On the contrary, the low PQ values found in roots of both accessions for almost every mineral are associated with an increased remobilization of nutrients to the aerial parts, regardless of RH. The highest PQ values found in stems of EF accession may be related to the fact that they are responsible for the transport of minerals between the below ground organs to the aerial parts, and so, it is expected that here the mineral content is low, also shown by the results of the Fe content (Figure 4). PQ values increased in the EF trifoliate leaves of plants grown at 90% RH, indicating that these organs were well-developed, supporting the results obtained in the previous analysis. The highest PQ values were found for Fe, as expected, as Fe is deficient in solution, and thus, plants had to invest in absorbing more Fe than other minerals. By contrast, high PQ values were found in roots and stems of the INF accession grown at 90% RH. These high PQ values for Fe in the roots may have been influenced by apoplastic accumulation of Fe in the roots (Bienfait et al., 1985). The increase in root and stem biomass induced by high RH may facilitate nutrient uptake and distribution to the aerial parts. High RH also increased PQ values of trifoliate leaves of INF accession, leading plants to invest more in increasing trifoliate biomass probably because these organs are not so vigorous under deficient conditions, as those from the EF accession, or because plants need to improve the photosynthetic surface area. Once again, PQ values of roots were the lowest and Fe was the mineral with the highest PQ values, for the same reasons presented above.

These differences in the PQ values between treatments can also be associated with the mobility of minerals in the xylem because of the impact of RH on the transpiration rates. Fe is transported to the shoot through the transpiration stream, circulating in the xylem as ferric-citrate complexes (Rellán-Álvarez et al., 2010) and later on imported into the leaf cytoplasm. Eichert et al. (2010) showed that Fe deficiency chlorosis may limit xylem conductivity by reducing the size of xylem vessels. It is possible that our observed reduction in gs by the Fe deficient IN plants (Figure 3) could be related to this phenomenon. Interestingly, the EF plants did not exhibit this abrupt reduction of gs caused by Fe deficiency, which could partly explain the increased resistance to IDC.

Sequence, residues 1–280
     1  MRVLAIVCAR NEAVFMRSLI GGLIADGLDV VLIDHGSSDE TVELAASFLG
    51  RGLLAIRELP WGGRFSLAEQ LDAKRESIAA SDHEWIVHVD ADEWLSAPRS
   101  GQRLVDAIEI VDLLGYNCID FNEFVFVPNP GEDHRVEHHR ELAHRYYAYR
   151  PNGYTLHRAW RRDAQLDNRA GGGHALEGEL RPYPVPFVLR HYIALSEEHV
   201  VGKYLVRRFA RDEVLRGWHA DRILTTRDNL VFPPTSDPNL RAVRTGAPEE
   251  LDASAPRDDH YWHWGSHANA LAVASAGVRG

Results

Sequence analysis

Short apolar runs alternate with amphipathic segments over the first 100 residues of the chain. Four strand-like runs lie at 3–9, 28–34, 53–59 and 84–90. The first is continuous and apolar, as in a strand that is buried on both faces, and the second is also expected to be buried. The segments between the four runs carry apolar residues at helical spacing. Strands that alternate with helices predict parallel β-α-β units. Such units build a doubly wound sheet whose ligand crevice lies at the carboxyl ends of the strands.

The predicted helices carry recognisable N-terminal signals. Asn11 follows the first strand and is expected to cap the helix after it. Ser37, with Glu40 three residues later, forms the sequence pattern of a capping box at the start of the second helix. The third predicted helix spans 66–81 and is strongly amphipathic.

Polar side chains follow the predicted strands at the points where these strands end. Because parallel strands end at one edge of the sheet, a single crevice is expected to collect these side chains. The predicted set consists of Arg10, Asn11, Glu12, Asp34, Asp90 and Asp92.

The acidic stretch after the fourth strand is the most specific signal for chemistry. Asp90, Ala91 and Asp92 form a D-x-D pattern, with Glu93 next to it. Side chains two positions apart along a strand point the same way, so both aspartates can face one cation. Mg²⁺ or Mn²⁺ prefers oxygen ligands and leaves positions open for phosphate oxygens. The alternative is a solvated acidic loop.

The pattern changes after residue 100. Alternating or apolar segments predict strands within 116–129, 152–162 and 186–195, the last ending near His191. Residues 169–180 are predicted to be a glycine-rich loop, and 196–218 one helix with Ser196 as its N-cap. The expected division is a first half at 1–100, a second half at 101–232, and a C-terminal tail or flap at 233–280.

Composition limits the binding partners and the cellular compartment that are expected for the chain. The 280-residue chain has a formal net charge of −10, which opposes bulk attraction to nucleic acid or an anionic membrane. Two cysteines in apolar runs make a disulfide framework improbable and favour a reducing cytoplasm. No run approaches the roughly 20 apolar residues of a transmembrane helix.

Fe must also be transported through the phloem, because the transpiration flow in the xylem vessels is inefficient in apexes, seeds, and root tips (Kim and Guerinot, 2007). Minerals have different mobilities in the phloem (White, 2012), but the impact of RH on phloem mobility cannot be directly explained.

Finally, all the performed analysis allowed us to conclude, through morphological and physiological parameters, that effectively, high RH affected plant growth and development. Furthermore, high RH alleviated IDC symptoms in Fe efficient plants grown under deficient conditions. This mitigation could be seen through increased SPAD values (Figure 1), plant height, root length, plant DW, leaf area, and Fe content in every studied plant organ. Also, the low PQ values found in roots and stems of the EF accession and high in unifoliate and trifoliate leaves support our hypothesis.

Author Contributions

Mariana Roriz carried out the sample preparation and analysis, mineral quantification by ICP-OES and drafted the manuscript; Susana M. P. Carvalho helped conceive the study and its design, and participated in the critical review of the manuscript; Marta W. Vasconcelos conceived the study, its design and coordination and helped to draft the manuscript. All authors read and approved the final manuscript.

Conflict of Interest Statement

The authors declare that the research was conducted in the absence of any commercial or financial relationships that could be construed as a potential conflict of interest.

Acknowledgments

This work was supported by National Funds from FCT – Fundação para a Ciência e a Tecnologia through the projects PTDC/AGR-GPL/118772/2010 and PEst-OE/EQB/LA0016/2013, and Post-doctoral scholarship SFRH/BPD/81187/2011.

Abbreviations

DEF, “Fe-deficient”; DW, Dry Weight; EF, “Fe-efficient”; GRIN, Germplasm Resources Information Network; ICP-OES, Inductively Coupled Plasma Optical Emission Spectrometer; IDC, Iron Deficiency Chlorosis; INF, “Fe-inefficient”; RH, Relative Humidity; gs, Stomatal Conductance; SEM, Standard Error of Mean; SUF, “Fe-sufficient”; USDA, U.S. Department of Agriculture.

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Keywords: IDC, iron, mineral nutrition, RH, soybean

Citation: Roriz M, Carvalho SMP and Vasconcelos MW (2014) High relative air humidity influences mineral accumulation and growth in iron deficient soybean plants. Front. Plant Sci. 5:726. doi: 10.3389/fpls.2014.00726

Received: 01 October 2014; Accepted: 01 December 2014;
Published online: 18 December 2014.

Edited by:

Richard William Bell, Murdoch University, Australia

Reviewed by:

Victoria Fernandez, Technical University of Madrid (UPM), Spain
Stefania Astolfi, University of Tuscia, Italy
Richard William Bell, Murdoch University, Australia

Copyright © 2014 Roriz, Carvalho and Vasconcelos. This is an open-access article distributed under the terms of the Creative Commons Attribution License (CC BY). The use, distribution or reproduction in other forums is permitted, provided the original author(s) or licensor are credited and that the original publication in this journal is cited, in accordance with accepted academic practice. No use, distribution or reproduction is permitted which does not comply with these terms.

*Correspondence: Marta W. Vasconcelos, CBQF - Centro de Biotecnologia e Química Fina - Laboratório Associado, Escola Superior de Biotecnologia, Universidade Católica Portuguesa/Porto, Rua Arquiteto Lobão Vital, Apartado 2511, 4202-401 Porto, Portugal e-mail: mvasconcelos@porto.ucp.pt